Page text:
I was wondering if I can apply the FTOC: $\frac { d }{ dx } \left( \int _{ a }^{ x }{ f(t) } dt \right) =f(x)$ to an implicit function with the variable being differentiated implicit in the function.

For example: $\frac { d }{ dx } \left( \int _{ a }^{ x }{ xf(t) } dt \right)$ or any function in the form: $\frac { d }{ dx } \left( \int _{ a }^{ x }{ f(x,t)f(t) } dt \right) $ and if so, what would we get.

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    $\begingroup$ Note $\int_a^x x f(t) \mathop{dt} = x \int_a^x f(t)\mathop{dt}$ $\endgroup$
    – angryavian
    Mar 6, 2016 at 9:10
  • $\begingroup$ Would this be the same if we have say: $\frac { d }{ dx } \left( \int _{ a }^{ x }{ f(x,t)f(t) } dt \right) $ such as $\frac { d }{ dx } \left( \int _{ a }^{ x }{ \sqrt { 1+xt } f(t) } dt \right) $ or would we have to deal with it otherwise? $\endgroup$ Mar 6, 2016 at 9:14
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    $\begingroup$ May be simply $\frac{d}{dx}(\int_a^x f(x,t)dt)$. $\endgroup$
    – velut luna
    Mar 6, 2016 at 9:19
  • $\begingroup$ "wander" $\ne$ "wonder". $\endgroup$
    – user21820
    Mar 6, 2016 at 9:27
  • $\begingroup$ Sorry, English is not my first language. Edited. $\endgroup$ Mar 6, 2016 at 9:28

2 Answers 2


By definition $$\frac{d}{dx}\int_a^xf(x,t)dt=\lim_{\Delta x\to 0}\frac{1}{\Delta x}\left[\int_a^{x+\Delta x}f(x+\Delta x,t)dt-\int_a^x f(x,t)dt\right]$$ $$=\lim_{\Delta x\to 0}\frac{1}{\Delta x}\left[\int_a^{x+\Delta x}\left(f(x,t)+\frac{\partial f}{\partial x}\Delta x\right)dt-\int_a^x f(x,t)dt\right]$$ $$=\lim_{\Delta x\to 0}\frac{1}{\Delta x}\left[\int_a^{x+\Delta x}f(x,t)dt-\int_a^x f(x,t)dt + \int_a^{x+\Delta x}\frac{\partial f}{\partial x}\Delta x dt\right]$$ $$=\lim_{\Delta x\to 0}\frac{1}{\Delta x}\left[\int_x^{x+\Delta x}f(x,t)dt + \int_a^{x+\Delta x}\frac{\partial f}{\partial x}\Delta x dt\right]$$ $$=\lim_{\Delta x\to 0}\frac{1}{\Delta x}\left[f(x,x)\Delta x + \Delta x \int_a^{x+\Delta x}\frac{\partial f}{\partial x}dt\right]$$ $$=f(x,x)+\lim_{\Delta x\to 0} \int_a^{x+\Delta x}\frac{\partial f}{\partial x}dt$$ $$=f(x,x)+\int_a^x \frac{\partial}{\partial x}f(x,t)dt$$

In conclusion, you will only get the first term if you apply the FTOC blindly. Because the integrand contains $x$, you will have the second extra term.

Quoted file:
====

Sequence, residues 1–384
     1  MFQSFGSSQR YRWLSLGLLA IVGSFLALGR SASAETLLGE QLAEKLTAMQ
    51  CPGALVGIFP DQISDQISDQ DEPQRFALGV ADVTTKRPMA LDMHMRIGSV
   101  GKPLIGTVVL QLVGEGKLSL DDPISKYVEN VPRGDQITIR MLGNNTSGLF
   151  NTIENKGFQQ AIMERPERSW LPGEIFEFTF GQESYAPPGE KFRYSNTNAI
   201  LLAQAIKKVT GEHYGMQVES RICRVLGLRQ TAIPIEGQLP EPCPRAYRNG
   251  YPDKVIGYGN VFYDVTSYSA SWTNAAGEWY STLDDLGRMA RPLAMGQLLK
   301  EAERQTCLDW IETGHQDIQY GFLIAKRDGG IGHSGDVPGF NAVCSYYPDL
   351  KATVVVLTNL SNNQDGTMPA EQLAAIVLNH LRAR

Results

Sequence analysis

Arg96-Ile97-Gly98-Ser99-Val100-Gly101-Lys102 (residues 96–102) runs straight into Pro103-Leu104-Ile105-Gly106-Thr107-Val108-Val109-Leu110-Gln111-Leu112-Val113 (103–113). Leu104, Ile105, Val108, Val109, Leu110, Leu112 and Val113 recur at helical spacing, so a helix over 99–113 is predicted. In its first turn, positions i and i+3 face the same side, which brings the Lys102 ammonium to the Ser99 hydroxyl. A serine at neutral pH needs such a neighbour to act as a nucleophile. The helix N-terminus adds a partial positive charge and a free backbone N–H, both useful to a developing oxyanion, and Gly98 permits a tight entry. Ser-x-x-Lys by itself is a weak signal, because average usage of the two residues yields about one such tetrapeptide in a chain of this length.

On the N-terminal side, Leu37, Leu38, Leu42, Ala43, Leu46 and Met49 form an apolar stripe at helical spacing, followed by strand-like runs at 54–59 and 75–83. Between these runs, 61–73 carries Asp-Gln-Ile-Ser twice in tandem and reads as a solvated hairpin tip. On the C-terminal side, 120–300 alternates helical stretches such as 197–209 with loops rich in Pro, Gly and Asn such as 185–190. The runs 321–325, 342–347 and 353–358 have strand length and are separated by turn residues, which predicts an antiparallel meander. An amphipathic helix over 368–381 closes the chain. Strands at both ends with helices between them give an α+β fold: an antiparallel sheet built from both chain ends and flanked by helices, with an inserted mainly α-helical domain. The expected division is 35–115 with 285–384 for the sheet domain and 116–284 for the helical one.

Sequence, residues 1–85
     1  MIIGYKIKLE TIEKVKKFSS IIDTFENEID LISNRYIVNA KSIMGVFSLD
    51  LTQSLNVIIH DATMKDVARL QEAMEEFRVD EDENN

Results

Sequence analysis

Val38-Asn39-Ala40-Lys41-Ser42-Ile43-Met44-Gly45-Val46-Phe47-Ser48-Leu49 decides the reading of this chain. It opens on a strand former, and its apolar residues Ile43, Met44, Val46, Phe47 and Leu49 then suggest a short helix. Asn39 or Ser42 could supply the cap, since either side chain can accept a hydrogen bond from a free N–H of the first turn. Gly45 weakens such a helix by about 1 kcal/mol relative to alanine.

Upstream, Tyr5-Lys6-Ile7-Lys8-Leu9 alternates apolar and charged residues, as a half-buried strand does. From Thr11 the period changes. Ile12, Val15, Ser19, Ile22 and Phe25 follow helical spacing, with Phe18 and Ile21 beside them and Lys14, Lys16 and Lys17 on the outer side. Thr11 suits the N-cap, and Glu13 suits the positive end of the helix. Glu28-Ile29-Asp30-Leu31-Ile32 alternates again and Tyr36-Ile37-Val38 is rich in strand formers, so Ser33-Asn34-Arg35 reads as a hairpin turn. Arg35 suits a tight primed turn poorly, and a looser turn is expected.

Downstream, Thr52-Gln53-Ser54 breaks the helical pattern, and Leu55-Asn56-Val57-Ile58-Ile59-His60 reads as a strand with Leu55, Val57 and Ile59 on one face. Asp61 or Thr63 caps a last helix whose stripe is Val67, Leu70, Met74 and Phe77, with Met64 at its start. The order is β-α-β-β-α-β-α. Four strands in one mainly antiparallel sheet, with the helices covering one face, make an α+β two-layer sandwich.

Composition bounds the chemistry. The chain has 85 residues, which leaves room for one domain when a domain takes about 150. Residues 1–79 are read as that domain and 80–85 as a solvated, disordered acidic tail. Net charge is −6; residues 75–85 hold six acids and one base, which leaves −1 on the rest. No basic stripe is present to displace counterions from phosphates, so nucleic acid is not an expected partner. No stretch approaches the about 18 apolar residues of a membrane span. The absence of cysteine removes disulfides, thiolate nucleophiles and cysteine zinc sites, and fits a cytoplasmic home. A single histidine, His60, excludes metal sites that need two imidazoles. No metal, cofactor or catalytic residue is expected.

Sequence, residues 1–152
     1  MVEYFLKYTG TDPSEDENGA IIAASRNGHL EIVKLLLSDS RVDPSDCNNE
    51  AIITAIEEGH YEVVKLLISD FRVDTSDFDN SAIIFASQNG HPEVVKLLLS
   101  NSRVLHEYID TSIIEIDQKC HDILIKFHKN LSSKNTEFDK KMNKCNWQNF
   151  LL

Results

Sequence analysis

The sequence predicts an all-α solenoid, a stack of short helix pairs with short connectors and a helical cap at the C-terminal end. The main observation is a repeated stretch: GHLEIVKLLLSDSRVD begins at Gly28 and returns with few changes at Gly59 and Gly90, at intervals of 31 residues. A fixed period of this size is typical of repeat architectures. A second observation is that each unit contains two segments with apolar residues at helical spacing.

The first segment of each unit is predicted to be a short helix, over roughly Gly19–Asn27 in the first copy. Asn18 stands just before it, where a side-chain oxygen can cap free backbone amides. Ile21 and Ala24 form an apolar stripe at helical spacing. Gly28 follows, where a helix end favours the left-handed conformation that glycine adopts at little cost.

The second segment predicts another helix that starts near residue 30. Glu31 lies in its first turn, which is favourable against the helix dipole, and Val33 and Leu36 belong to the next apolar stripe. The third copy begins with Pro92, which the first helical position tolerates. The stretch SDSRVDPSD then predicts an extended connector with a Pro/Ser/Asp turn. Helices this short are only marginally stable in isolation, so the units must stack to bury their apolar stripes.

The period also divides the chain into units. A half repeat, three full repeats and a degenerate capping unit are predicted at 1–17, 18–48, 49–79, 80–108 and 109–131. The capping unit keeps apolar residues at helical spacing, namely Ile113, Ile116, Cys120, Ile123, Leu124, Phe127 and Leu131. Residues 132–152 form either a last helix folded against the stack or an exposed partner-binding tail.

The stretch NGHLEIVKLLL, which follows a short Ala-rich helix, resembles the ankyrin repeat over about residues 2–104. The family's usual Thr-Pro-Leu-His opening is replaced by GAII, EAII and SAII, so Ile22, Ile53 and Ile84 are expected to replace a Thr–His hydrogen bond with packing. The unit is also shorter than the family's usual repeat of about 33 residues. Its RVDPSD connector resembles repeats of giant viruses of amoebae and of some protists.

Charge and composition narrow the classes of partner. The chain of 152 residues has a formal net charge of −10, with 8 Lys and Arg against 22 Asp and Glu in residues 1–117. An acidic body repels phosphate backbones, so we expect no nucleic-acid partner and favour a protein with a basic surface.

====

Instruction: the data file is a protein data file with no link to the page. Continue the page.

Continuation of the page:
• $\begingroup$ Where did $\int_x^{x+\Delta x}f(x,t)dt=f(x,x)\Delta$ come from? $\endgroup$ Jan 25, 2018 at 10:37

In mathematics any question of the form:

Can we do X?

always has the answer:

If you have proven that you can.

In particular if you ask:

Can you apply theorem X to Y?

the answer is just:

As long as Y satisfies the conditions required by theorem X.

In your case, the fundamental theorem of calculus does not apply when the integrand involves the limit of integration.

You may be wondering whether the theorem can somehow be extended to cover that case. The simple answer is that it cannot, and nothing more can be said unless we know exactly what kind of integrand it is.

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    $\begingroup$ First, thanks for replying, Second, if I may rephrase my question, we know by the FTOC that if g is a function of x: $g(x)=\int _{ a }^{ x }{ f(t)dt } $ , then $g'(x)=f(x)$ , so my question would be if instead $h(x)=\int _{ a }^{ x }{ f(x,t)dt } $, would $h'(x)=f(x,x)$ similarly as we regard x as a constant inside the integral?. $\endgroup$ Mar 6, 2016 at 9:44
  • $\begingroup$ So for example if $h(x)=\int _{ a }^{ x }{ \sqrt { 1+xt } f(t)dt } $, is it true that we say $h'(x)=\sqrt { 1+x^{ 2 } } f(x)$? $\endgroup$ Mar 6, 2016 at 9:46
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    $\begingroup$ I am sorry if I irritated you in some way, and thank you I think I got it. The simplest example if $\int _{ a }^{ x }{ xf(t)dt } $, and since x is irrelevant of t we can take it out to get $x\int _{ a }^{ x }{ f(t)dt } $. If I differentiate wrt x, I get $\frac { d }{ dx } \left( x\int _{ a }^{ x }{ f(t)dt } \right) =xf(x)+\int _{ a }^{ x }{ f(t) } dt$ which is not the same as xf(x) as long as $x\neq a$. $\endgroup$ Mar 6, 2016 at 9:58
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    $\begingroup$ @AspiringMat: No you didn't irritate me, but I am earnestly telling you to always check every tiny detail of the conditions required for a theorem. It is often overlooked by many students who just want the answer and not understand the logical reasoning completely. As for the simplest example, I would give $\int_0^x x\ dt = [xt]_0^x = x^2$ which when differentiate with respect to $x$ gives $2x$, not $x$. $\endgroup$
    – user21820
    Mar 6, 2016 at 10:03
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    $\begingroup$ @AspiringMat: As for your example, your last phrase is not correct. It may be that $x \ne a$ but $\int_a^x f(t)\ dt = 0$. However, you got the idea, that if that integral is not zero then it gives a desired counter-example. $\endgroup$
    – user21820
    Mar 6, 2016 at 10:05

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